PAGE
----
Emotion swelled in Jenna’s throat, making it impossible to respond. She’d never had the true-love feeling with any of her boyfriends, Lorenzo included. Psychics were the same. Their gift was for other people, not themselves.
But Jenna couldn’t find the energy to defend her abilities. Gwyneth had stolen everything from her now. The woman she’d spent the last decade trying to mollify and please had just sunk a 16-inch serrated knife in Jenna’s chest and tore out her heart. And there she stood with the blood draining from her body and her knees about to give out and the man she thought loved her, her very own prince charming, was watching her with a perturbed expression on his face because she’d kept him from her forty-five-year-old stepmother.
She glanced at the bottle in her hand, the temptation to hit him over the head and replace his aggravation with shock and pain was hard to resist. Arianna wouldn’t hesitate, and neither would Serena. But Jenna couldn’t bring herself to do it and handed the bottle back to Kimberly. “I can’t drink and drive.” She forced the words past her quivering lips, and rapidly blinked her burning eyes. She had to get out of there before she broke down. All she had left was her dignity.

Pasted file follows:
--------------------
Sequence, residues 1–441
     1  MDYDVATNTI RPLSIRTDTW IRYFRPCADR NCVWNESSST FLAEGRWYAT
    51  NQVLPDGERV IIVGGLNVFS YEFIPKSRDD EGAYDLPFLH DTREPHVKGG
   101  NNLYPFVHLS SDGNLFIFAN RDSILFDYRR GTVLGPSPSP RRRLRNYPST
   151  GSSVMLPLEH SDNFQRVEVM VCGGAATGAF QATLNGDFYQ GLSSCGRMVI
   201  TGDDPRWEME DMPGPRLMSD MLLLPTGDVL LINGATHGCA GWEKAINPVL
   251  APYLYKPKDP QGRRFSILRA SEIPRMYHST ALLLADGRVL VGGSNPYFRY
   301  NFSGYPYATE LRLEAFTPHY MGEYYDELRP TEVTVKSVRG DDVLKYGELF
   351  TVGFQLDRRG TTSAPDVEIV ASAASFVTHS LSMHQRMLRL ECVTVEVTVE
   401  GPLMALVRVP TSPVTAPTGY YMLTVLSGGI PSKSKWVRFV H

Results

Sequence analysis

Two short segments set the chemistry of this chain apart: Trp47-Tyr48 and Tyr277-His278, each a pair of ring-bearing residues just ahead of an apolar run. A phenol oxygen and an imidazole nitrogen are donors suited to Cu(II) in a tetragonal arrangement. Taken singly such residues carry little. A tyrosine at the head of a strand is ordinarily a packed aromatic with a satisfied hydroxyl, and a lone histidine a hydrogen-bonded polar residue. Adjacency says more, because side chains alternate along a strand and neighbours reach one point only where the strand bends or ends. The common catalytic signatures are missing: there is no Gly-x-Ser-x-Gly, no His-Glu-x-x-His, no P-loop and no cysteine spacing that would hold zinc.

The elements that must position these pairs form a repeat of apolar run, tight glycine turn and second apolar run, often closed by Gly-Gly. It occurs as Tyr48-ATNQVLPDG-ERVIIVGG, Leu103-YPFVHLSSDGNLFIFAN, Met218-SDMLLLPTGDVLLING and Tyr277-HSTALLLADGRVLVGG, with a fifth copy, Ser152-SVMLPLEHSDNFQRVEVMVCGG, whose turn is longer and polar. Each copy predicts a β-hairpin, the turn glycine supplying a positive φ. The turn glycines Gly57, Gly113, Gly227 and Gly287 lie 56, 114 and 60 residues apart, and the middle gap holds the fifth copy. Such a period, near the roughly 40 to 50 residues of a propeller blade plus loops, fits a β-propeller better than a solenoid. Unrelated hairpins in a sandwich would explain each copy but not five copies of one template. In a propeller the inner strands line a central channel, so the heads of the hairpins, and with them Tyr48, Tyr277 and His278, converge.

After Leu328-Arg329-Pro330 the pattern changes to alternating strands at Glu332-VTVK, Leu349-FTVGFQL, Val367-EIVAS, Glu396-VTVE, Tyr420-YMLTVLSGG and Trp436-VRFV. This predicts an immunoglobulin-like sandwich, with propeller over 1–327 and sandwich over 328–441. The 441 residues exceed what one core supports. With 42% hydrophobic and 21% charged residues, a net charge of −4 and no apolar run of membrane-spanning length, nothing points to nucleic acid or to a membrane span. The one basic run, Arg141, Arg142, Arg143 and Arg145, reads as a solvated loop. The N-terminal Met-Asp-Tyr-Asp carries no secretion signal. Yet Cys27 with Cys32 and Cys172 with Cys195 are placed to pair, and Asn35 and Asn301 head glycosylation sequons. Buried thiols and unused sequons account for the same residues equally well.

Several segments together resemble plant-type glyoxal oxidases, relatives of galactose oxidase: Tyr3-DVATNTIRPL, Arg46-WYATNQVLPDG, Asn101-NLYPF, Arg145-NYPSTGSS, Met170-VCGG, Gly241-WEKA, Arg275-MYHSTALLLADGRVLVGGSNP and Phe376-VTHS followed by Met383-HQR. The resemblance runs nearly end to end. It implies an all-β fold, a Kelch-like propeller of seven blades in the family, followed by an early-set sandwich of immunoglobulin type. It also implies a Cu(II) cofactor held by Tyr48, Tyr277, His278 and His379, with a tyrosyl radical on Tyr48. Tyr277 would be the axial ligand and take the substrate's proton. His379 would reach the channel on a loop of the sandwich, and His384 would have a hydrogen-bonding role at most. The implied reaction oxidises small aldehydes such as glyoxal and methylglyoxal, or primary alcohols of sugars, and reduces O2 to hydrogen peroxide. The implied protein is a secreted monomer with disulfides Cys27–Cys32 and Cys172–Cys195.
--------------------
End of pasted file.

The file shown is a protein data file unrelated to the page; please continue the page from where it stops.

“I’ll be right back. I need to put more money in the parking meter.” She lifted her skirts and ran past a confused looking Lorenzo and her wide-eyed sisters. She ran to the front of the shop and out the front door. It wasn’t until she was about to run across the street to her car that she realized she was still in her wedding gown and didn’t have her keys. A deep voice cut through the fog of her grief.
“Hey, Cinderella, you lost your shoe.”
She registered her lopsided gait and the warm pavement beneath her foot and stopped. She turned. And there, bathed in June’s golden light, stood a tall, dark-haired man with her glass shoe resting on the palm of his hand.